Marsh wrens nesting at Bull’s Point is an indicator of the marshes good health. Restoration efforts, including keeping carp out of the bay, have helped to increase the vegetation required for these birds. RBG staff also try to increase the native species by planting seedlings and fencing off certain areas to protect fragile plant life.
The boardwalk through the Marsh is an excellent spot to try to see the wrens. Because they spend the majority of their time in the cattails, being a ground forager, getting above them gives you a better chance of a sighting.
They have more than 50 variations to their song and some males will sing right though the night.
If you would like to hear the Marsh Wren’s song and see pictures of it check out BirdNote’s page here.
There are so many beautiful lilacs blooming at the Royal Botanical Gardens Arboretum today. If only pictures could smell!
Katie Osborne Lilac Collection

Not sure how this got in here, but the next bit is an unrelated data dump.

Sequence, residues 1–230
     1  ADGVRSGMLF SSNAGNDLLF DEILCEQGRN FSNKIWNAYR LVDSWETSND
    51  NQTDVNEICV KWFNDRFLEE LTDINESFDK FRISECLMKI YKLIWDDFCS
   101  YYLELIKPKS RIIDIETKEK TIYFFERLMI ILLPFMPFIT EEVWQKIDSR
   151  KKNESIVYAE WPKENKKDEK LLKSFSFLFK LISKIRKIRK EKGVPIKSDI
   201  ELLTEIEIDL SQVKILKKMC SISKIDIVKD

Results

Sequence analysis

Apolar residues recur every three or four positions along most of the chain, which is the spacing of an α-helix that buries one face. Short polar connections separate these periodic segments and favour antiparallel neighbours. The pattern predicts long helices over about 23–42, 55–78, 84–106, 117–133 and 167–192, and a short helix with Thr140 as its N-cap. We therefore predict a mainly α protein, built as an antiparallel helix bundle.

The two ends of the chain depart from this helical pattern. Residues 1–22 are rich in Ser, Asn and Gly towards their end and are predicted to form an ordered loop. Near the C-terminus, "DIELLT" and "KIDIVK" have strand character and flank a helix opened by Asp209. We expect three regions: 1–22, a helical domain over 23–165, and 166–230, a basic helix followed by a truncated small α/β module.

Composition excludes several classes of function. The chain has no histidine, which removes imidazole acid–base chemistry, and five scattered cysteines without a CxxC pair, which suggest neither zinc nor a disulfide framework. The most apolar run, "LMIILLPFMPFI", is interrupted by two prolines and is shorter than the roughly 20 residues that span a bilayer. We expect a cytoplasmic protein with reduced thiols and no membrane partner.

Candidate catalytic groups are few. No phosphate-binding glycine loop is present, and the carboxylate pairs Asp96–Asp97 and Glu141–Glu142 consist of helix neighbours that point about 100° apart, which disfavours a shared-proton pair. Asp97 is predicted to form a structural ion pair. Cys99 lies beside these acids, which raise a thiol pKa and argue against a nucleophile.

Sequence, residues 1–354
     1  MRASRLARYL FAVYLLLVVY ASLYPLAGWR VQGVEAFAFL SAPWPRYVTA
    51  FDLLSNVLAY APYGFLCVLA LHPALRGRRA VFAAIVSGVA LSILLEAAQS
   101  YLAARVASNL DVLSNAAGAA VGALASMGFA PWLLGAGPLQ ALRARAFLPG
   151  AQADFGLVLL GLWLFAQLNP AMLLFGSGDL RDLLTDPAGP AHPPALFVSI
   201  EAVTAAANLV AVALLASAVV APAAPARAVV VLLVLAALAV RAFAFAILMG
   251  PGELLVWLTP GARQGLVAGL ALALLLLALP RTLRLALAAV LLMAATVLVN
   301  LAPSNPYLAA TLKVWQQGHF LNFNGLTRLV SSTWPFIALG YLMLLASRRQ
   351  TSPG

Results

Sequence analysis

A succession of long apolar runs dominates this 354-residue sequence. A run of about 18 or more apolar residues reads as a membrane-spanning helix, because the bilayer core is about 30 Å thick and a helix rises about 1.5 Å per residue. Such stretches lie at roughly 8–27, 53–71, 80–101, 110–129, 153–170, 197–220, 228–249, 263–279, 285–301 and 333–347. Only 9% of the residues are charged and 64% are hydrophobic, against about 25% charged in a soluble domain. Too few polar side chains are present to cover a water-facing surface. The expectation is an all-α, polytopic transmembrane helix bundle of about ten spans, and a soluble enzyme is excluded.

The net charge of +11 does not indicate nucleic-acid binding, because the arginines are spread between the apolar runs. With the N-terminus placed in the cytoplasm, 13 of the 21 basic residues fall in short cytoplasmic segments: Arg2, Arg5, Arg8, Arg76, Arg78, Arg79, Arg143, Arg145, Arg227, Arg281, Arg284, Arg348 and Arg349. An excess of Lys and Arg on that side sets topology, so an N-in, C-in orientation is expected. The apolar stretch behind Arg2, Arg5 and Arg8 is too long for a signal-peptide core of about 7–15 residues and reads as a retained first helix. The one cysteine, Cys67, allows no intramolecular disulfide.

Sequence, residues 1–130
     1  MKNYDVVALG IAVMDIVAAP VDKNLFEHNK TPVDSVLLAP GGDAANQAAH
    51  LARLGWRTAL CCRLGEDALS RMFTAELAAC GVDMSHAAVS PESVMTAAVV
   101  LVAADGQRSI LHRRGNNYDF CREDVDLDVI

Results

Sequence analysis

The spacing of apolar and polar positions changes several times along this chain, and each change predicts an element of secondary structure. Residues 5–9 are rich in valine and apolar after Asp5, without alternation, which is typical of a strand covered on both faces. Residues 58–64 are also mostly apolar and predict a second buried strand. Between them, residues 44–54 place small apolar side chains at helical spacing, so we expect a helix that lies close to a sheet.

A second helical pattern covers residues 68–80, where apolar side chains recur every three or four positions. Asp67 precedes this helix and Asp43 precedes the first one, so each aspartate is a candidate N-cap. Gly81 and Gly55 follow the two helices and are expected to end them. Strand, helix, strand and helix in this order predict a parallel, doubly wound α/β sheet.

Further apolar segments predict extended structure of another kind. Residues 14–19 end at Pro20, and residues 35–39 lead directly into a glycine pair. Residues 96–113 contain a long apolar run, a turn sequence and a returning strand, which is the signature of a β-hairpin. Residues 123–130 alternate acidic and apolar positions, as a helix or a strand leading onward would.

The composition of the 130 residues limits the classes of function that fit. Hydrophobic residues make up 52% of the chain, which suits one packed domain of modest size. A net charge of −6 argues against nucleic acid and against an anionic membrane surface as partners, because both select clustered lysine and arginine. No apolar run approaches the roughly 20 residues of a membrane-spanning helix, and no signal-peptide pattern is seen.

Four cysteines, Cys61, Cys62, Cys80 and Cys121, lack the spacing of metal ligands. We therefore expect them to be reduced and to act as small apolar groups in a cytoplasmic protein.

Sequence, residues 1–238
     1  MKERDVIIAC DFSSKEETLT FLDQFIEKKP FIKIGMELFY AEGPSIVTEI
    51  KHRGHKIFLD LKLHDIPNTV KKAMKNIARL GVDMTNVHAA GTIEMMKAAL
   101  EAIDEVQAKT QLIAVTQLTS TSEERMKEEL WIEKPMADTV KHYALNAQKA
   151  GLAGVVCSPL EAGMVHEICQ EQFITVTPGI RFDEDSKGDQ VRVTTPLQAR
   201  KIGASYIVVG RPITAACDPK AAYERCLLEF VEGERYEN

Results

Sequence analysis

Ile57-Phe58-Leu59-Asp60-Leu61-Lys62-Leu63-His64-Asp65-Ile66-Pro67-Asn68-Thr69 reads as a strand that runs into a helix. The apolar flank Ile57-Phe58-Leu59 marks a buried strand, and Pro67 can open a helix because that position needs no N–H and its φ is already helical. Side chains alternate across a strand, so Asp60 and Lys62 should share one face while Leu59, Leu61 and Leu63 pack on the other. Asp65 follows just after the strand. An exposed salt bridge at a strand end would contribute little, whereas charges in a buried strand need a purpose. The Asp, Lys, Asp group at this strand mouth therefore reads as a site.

This collection is named after the wife of Colin Osborne as a memoriam. There are over 745 plants in the dell and surrounding area making it one of the more diverse lilac collections in the world. Thanks to the informative displays we learned that around 21 different species occur in the wild, originating in Asia and Europe. All those lovely lilacs I saw as a child growing “wild” in the ditches are offspring of imported plants.
Press on any picture to see the full size image.
Color classification is established by the Wister Code, named after John Wister. The color catagories are
The flowers are also classified as either Single – with four petals, or, Double – with more than four petals.
So my classification for the lilac below would be D3 (Double, blueish). I’m probably wrong though.
The Cut Leaf Lilac is an unusual variety that I had never seen before. I loved the airy nature of the plant compared to the typical dense lilac bush.
Breeders like Victor Lemoine, Manitoba-born Frank Leith Skinner, and Canada’s first female hybridizer, Isobella Preston, have all contributed to the wide variety of bloom size, shape, color, and, of course, scent. The dell was incredible today with the symphony of colored blossoms and individual perfumes.